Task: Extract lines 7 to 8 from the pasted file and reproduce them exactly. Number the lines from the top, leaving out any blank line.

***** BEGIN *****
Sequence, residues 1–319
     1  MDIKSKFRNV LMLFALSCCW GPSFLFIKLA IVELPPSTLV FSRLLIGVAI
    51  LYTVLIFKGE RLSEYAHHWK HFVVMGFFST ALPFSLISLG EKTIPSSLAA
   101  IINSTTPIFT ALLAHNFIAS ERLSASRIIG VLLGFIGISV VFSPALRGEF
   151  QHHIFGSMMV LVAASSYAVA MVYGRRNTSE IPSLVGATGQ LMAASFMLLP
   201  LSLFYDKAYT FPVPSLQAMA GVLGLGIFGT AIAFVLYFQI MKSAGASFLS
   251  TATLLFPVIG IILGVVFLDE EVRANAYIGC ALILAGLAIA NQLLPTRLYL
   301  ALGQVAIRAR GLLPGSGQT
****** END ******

   251  TATLLFPVIG IILGVVFLDE EVRANAYIGC ALILAGLAIA NQLLPTRLYL
   301  ALGQVAIRAR GLLPGSGQT